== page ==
• Hospital Setup: ICU/CCU• ICUs treat patients with severe disease or injury (e.g., pneumonia, traumatic injury)• CCUs are for cardiac (heart) disease• Patients come from ER, OR, ward, or another hospital• Various interventions are performed• Sophisticated equipment is used Adapted from materials developed by Oregon Health & Science University, funded by the Office of the  National Coordinator for Health Information Technology, U.S. Department of Health and Human  Services (Health IT Workforce Curriculum v.3.0/Spring 2012, Component 1/Unit 2c). 93
    • Personnel Who Provide Serious Acute Care• Emergency medicine – Goals: save lives of patients, provide short-term care – Patients receive care at the accident scene by emergency medical technicians (EMTs) or paramedics, who are more highly trained than EMTs – ER care is a physician specialty• Critical care – Goals: treat life-threatening conditions, provide longer-term care – ICU and CCU care are also physician specialties Adapted from materials developed by Oregon Health & Science University, funded by the Office of the  National Coordinator for Health Information Technology, U.S. Department of Health and Human  Services (Health IT Workforce Curriculum v.3.0/Spring 2012, Component 1/Unit 2c). 94
    • Other Hospital Personnel• Surgeons perform operations, sometimes special types (for example, orthopedic surgery, plastic surgery)• Anesthesiologists monitor patients in the OR and treat pain (for example, in the ICU or during childbirth)• Other physician specialties exist (for example, internal medicine, cardiology, obstetrics/gynecology, psychiatry)• Medical subspecialties also exist (for example, pediatric cardiology)• Registered nurses (RNs), licensed practical nurses (LPNs), and physician assistants (PAs) may also specialize• Pharmacists evaluate and dispense medications Adapted from materials developed by Oregon Health & Science University, funded by the Office of the  National Coordinator for Health Information Technology, U.S. Department of Health and Human  Services (Health IT Workforce Curriculum v.3.0/Spring 2012, Component 1/Unit 2c). 95
    • Ancillary Personnel• Nursing assistants work under the direction of RNs and LPNs• Technicians help with treatment or diagnosis (for example, phlebotomists, x-ray and ultrasound technicians, laboratory personnel)• Therapists facilitate rehabilitation (for example, physical, occupational, respiratory, or speech)• Other workers educate and counsel (for example, dietitians, nutritionists, diabetes educators, social workers) Adapted from materials developed by Oregon Health & Science University, funded by the Office of the  National Coordinator for Health Information Technology, U.S. Department of Health and Human  Services (Health IT Workforce Curriculum v.3.0/Spring 2012, Component 1/Unit 2c). 96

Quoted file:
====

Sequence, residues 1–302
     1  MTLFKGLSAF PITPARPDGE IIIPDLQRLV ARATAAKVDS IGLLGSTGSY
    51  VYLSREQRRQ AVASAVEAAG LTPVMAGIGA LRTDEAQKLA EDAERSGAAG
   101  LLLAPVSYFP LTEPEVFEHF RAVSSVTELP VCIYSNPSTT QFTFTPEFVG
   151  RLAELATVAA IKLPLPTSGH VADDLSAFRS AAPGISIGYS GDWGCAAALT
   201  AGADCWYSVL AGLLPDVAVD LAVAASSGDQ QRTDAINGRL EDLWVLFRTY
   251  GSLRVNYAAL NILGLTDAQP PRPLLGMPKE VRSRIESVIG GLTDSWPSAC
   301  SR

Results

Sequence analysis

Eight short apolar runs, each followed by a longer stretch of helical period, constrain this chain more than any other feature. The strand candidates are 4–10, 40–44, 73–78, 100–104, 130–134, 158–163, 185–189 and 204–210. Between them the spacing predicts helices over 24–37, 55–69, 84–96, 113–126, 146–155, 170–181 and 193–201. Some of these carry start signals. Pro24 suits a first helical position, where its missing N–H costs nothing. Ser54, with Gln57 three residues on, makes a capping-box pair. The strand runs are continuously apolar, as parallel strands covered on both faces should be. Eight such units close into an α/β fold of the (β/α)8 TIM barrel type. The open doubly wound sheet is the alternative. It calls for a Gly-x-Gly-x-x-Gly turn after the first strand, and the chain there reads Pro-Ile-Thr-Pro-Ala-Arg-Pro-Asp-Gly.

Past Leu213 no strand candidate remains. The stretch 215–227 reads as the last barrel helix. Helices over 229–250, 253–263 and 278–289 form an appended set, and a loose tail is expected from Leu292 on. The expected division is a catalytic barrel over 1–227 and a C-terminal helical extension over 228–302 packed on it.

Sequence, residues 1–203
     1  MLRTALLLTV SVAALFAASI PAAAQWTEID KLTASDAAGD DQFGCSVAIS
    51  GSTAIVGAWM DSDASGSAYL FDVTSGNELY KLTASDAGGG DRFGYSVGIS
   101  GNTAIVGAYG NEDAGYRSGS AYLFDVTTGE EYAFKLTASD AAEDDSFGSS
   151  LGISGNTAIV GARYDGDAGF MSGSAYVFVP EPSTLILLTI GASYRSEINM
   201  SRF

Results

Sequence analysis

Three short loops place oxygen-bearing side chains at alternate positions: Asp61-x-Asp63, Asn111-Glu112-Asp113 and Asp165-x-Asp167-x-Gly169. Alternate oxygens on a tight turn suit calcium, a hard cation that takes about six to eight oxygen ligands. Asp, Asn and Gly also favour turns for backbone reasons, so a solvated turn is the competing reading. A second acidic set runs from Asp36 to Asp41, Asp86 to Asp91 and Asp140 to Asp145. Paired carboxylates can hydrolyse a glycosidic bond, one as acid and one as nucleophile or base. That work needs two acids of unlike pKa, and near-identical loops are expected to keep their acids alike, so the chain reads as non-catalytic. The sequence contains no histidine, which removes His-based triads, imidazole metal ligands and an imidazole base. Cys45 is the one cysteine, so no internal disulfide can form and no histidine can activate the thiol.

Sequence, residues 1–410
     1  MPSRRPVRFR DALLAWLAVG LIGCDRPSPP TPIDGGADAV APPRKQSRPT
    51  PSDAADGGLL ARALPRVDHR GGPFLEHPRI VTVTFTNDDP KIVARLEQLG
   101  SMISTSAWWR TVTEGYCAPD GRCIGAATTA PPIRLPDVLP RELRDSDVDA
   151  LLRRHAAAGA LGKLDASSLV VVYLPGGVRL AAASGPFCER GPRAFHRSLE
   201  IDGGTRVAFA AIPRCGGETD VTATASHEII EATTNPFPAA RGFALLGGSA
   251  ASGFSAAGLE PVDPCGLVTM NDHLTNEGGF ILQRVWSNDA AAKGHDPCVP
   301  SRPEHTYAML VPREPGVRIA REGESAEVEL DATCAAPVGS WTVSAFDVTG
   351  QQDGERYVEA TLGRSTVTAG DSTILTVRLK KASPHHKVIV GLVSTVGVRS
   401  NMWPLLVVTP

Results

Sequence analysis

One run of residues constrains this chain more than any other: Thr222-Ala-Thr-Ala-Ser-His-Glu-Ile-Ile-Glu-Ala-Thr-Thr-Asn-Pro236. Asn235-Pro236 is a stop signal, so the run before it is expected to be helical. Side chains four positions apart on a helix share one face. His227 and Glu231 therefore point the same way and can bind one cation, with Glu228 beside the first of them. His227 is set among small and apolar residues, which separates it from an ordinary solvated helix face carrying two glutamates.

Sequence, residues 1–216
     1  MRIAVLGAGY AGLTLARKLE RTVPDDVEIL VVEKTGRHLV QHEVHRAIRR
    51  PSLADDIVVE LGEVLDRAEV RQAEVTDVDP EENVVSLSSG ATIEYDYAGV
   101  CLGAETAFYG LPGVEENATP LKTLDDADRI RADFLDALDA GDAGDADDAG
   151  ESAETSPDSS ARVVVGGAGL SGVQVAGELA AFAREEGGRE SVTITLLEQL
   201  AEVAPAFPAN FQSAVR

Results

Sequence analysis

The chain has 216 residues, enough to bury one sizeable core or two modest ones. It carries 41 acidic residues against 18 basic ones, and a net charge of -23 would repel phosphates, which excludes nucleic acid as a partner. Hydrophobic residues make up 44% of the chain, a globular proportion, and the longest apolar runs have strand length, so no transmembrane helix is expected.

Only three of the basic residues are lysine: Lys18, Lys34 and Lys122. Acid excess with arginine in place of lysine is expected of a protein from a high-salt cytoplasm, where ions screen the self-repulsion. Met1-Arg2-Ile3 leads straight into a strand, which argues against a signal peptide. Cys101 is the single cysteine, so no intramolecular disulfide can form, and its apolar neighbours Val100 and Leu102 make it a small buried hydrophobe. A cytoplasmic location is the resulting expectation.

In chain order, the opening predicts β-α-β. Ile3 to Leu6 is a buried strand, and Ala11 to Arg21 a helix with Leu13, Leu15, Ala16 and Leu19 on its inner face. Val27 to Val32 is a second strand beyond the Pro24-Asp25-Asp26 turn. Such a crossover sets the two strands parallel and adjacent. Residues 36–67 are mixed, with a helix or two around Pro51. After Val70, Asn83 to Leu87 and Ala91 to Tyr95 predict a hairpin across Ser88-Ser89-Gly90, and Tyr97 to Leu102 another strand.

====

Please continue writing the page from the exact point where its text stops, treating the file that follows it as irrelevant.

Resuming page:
• Hospital Corporate Structure• Governing board (board of directors) provides oversight• Chief executive officer or hospital director is responsible for daily operations• Administration also includes chief officers, department heads, patient care managers• Medical staff and ancillary personnel provide healthcare and technical services• Nonmedical services are also critical (for example, cooks, laundry workers)• Business office does paperwork and provide supporting services (for example, billing, scheduling) Adapted from materials developed by Oregon Health & Science University, funded by the Office of the  National Coordinator for Health Information Technology, U.S. Department of Health and Human  Services (Health IT Workforce Curriculum v.3.0/Spring 2012, Component 1/Unit 2c). 97
    • Managing Hospital Operations• Typical Organizational Structure – Hospital Director as top executive – Various clinical departments depending on medical specialties and services available – Nursing Department• Important Administrative Departments – Director’s Office – Quality improvement, Risk management – IT – Finance, Human Resource (HR), Procurement – Academic/Education/Research
    • Hospital Financing• Ownership may be public or private – Public hospitals are funded by the government, may have limited resources – Private hospitals are run by private entities, may have greater resources (for example, finances, equipment) – Funding could be in the form of directly allocated budgets and/or reimbursements of services provided• Either type of hospital may be for-profit or nonprofit – In Thailand, public hospitals are non-profit Adapted from materials developed by Oregon Health & Science University, funded by the Office of the  National Coordinator for Health Information Technology, U.S. Department of Health and Human  Services (Health IT Workforce Curriculum v.3.0/Spring 2012, Component 1/Unit 2c). 99
    • Hospital Systems• A hospital system is 2 or more hospitals owned by a corporation, with a single board of directors• A network is a group of hospitals, physicians, and other entities that collaborate to provide care in a community Adapted from materials developed by Oregon Health & Science University, funded by the Office of the  National Coordinator for Health Information Technology, U.S. Department of Health and Human  Services (Health IT Workforce Curriculum v.3.0/Spring 2012, Component 1/Unit 2c). 100
    • Summary• Health care is delivered in several settings, each having its own nature and context• Fragmented care by specialists and increasingly complex chronic disease patients highlights the importance of primary care in the ambulatory setting• ER overcrowding is a critical issue in emergency setting• Hospital inpatient care is an important component of health care.• There are various levels and types of hospitals to address diverse and complex patient needs• Healthcare delivery by providers is just one part of the overall healthcare system